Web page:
“If Obama is a Kenyan anti-colonialist for supporting financial regulation, than Scott Brown is a Kenyan anti-colonialist. If Obama is a Kenyan anti-colonialist for supporting the proposed Islamic community center near Ground Zero, then Michael Bloomberg is a Kenyan anti-colonialist. If Obama is a Kenyan anti-Colonialist for supporting health care insurance reform, then Ben Nelson is a Kenyan anti-colonialist. The Center for American Progress is a Kenyan anti-colonialist think tank, MoveOn is a Kenyan anti-colonialist advocacy organization, and Peter Orszag is a Kenyan anti-colonialist intellectual,” – Adam Serwer.
For that matter, if Obama wants to return to Clinton-era tax rates, does that make Clinton a Kenyan anti-colonialist? If Obama wants access to private health-care insurance, while Richard Nixon backed a far more expansive program, does that make Nixon a Ugandan Marxist? Once you unpack all this, especially when you consider the multiple crises that Obama had to handle when he came to office – and the extraordinary moderation he has shown throughout (infuriating those to his left) – you realize just how base this kind of “critique” is. – Andrew Sullivan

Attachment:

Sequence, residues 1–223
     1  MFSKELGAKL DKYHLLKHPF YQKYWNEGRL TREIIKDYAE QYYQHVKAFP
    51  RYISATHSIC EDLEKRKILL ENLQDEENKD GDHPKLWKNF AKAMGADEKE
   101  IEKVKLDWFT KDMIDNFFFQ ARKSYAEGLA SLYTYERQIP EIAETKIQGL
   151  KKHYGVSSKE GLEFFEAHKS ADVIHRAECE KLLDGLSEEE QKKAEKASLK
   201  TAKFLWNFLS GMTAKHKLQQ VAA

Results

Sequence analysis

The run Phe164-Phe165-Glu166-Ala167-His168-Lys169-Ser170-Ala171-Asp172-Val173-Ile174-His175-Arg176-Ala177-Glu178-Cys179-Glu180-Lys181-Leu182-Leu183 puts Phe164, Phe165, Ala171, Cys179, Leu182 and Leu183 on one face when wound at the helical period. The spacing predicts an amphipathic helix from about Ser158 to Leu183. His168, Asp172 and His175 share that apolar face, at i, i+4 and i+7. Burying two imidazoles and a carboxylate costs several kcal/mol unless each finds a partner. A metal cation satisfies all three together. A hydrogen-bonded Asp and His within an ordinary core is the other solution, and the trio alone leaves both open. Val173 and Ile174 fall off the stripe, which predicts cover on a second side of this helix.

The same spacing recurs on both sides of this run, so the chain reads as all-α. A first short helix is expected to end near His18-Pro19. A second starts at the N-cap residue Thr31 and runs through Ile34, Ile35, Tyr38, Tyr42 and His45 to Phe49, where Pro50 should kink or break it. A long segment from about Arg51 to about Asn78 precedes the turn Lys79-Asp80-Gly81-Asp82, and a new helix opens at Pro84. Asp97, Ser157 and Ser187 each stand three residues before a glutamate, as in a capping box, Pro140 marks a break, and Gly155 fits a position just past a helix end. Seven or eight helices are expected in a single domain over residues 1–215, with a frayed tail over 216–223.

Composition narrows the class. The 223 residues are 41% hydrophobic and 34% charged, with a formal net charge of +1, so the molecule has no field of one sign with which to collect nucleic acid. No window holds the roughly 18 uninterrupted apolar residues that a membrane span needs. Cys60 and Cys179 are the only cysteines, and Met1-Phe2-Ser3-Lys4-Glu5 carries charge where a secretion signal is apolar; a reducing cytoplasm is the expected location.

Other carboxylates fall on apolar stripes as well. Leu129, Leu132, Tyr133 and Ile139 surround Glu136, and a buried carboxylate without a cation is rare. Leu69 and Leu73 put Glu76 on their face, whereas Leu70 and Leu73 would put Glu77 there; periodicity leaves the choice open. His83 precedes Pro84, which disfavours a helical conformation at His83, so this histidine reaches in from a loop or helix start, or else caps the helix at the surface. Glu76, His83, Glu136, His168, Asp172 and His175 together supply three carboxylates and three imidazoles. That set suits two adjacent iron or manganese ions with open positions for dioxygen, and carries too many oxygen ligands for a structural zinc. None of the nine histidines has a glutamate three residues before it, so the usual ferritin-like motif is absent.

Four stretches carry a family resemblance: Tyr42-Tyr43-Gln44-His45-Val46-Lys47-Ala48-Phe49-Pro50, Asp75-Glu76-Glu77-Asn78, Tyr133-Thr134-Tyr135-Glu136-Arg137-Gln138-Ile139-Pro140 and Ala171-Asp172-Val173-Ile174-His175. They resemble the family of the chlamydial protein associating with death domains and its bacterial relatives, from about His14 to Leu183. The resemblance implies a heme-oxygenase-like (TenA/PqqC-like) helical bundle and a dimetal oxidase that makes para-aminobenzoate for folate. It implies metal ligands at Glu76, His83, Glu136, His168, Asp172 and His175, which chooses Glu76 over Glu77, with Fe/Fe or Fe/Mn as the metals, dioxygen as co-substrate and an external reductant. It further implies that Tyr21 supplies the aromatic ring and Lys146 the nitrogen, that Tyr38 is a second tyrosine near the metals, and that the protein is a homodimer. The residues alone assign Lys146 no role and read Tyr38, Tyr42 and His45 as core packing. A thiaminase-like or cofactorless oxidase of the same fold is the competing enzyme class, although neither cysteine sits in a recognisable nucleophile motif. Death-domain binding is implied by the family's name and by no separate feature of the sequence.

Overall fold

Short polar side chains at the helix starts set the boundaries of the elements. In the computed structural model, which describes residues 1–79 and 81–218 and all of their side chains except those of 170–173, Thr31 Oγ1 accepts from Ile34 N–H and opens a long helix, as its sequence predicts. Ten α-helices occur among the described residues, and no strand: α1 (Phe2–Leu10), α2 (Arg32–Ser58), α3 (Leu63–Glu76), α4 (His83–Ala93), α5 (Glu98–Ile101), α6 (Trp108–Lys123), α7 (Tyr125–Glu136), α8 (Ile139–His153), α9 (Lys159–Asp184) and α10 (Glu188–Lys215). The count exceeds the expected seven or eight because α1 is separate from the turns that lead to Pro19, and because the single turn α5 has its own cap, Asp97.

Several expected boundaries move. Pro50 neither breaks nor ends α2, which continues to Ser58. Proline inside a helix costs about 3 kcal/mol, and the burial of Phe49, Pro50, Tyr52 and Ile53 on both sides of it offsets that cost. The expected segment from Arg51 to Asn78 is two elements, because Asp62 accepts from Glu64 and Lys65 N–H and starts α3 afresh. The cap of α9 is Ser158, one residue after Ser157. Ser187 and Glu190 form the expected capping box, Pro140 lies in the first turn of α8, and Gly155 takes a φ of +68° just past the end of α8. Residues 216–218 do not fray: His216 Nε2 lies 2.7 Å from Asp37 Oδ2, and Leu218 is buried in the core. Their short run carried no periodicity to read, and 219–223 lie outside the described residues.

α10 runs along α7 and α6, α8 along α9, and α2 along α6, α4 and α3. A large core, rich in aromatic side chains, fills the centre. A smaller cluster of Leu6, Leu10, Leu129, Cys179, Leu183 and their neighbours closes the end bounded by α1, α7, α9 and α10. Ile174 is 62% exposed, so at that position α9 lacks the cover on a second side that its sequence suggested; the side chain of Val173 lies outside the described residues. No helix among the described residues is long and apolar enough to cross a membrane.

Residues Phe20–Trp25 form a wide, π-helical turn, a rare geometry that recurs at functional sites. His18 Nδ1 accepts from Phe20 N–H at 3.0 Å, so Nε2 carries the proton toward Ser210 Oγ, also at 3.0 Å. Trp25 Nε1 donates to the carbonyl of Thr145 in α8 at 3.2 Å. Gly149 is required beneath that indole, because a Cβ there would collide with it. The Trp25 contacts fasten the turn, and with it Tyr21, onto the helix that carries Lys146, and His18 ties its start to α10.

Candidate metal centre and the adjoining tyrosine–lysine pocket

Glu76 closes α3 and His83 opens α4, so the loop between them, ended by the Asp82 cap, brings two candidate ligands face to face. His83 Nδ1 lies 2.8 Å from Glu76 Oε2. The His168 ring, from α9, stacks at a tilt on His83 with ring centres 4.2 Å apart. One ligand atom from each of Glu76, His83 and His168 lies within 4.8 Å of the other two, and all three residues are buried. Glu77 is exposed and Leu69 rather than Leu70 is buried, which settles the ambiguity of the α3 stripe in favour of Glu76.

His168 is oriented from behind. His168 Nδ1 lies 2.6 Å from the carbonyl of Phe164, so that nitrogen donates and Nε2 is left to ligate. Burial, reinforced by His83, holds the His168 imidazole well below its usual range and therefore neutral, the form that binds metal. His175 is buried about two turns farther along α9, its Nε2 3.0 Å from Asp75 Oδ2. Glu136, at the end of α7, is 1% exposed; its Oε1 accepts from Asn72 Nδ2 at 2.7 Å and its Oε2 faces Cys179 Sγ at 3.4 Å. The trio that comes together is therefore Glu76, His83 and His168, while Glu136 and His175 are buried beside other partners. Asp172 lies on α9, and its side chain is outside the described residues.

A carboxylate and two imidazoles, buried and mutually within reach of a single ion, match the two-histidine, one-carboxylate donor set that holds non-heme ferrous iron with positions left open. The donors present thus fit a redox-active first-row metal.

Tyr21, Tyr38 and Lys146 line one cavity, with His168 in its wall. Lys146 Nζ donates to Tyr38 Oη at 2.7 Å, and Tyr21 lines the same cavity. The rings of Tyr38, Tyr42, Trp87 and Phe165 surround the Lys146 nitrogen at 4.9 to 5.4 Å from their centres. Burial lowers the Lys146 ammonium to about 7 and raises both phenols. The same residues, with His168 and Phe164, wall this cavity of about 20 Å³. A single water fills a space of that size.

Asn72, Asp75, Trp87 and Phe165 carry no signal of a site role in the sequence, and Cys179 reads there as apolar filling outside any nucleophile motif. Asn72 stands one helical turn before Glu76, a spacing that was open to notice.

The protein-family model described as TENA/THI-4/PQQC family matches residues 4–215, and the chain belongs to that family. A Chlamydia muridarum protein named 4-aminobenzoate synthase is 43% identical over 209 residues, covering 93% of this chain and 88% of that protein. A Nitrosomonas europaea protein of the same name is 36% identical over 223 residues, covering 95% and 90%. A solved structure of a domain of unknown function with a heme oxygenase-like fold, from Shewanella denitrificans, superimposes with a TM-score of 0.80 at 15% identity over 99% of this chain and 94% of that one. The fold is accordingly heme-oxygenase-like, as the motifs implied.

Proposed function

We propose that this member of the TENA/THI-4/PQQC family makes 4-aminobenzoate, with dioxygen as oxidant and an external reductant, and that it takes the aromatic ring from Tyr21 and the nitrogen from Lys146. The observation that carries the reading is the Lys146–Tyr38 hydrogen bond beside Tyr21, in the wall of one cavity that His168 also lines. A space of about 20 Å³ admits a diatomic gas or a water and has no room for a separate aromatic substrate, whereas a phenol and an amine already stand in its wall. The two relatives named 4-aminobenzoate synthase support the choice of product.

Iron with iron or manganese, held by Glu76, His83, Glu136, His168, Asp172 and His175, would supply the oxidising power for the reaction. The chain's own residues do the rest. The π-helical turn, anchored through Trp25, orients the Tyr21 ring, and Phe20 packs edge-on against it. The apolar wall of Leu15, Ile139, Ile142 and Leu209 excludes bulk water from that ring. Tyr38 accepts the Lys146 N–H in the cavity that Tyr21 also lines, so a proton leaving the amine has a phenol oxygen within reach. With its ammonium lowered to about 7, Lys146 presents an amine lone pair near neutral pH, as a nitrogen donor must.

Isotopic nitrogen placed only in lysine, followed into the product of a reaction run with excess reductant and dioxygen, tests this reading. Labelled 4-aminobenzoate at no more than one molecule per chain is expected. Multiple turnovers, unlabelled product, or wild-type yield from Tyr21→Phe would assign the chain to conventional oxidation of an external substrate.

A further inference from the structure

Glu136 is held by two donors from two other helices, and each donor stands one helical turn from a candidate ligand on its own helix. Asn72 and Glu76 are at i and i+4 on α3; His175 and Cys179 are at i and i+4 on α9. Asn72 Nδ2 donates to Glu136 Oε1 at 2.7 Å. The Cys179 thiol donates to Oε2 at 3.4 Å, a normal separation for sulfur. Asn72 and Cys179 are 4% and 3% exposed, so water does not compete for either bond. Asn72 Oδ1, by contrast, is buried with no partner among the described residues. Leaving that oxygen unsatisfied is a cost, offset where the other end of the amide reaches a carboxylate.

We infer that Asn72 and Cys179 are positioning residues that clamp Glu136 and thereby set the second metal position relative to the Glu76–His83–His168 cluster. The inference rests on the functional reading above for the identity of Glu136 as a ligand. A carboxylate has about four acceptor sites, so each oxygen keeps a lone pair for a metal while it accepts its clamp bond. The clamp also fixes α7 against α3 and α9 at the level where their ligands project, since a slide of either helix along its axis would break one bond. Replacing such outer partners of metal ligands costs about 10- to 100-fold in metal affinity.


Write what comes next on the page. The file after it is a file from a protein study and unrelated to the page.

September 11, 2010
Another notch against the House Republicans who claim to be from the “patriotic, we speak on behalf of all of those who died or risked their lives on 9/11” party. This leaves me without words.
September 2, 2010
I gathered a whole load of reax to the Honor Rally. Enjoy!
A reader wrote in to the Dish:
Glenn Beck said he wore a bulletproof vest because his wife insisted on it. And I don’t understand how Hitchens can call the people at the rally self-pitying white people. The Iraqi soldier with no hands (who is now training other soldiers in hand-to-hand combat, believe it or not) and the Vietnam vet whose face was burned off were far from self-pitying. I believe the latter will be on Beck’s Friday show, along with other clergymen and women.
I didn’t see anyone there who was self-pitying. I saw many people of all ages and races. Maybe Hitchens is the one who is protesting too much. Or maybe he was angry because Beck had 240 clergymen and women on stage with him (ministers, priests, rabbis, and imams), all different races, all holding hands. You should have watched Beck’s show yesterday, not the Monday show. Yesterday he answered Hitchens and every other reporter/journalist who wrote about the rally and got mostly everything wrong. BTW, the rally raised $5,000,000 for the children of Special Ops. Yes, what a self-pitying group of white people.
Some additional reading/footage here:
The VanityFair piece detailing the new world of anger, fear, and illusion inhabbited (so we’re told) by Sarah Palin.
August 2, 2010
A full PDF high res version here.
Kevin Hasset explains:
This clearly is a candidate for most disorganized organizational chart ever. It shows that the health system is complex, yes, but also ornate. The new law creates 68 grant programs, 47 bureaucratic entities, 29 demonstration or pilot programs, six regulatory systems, six compliance standards and two entitlements.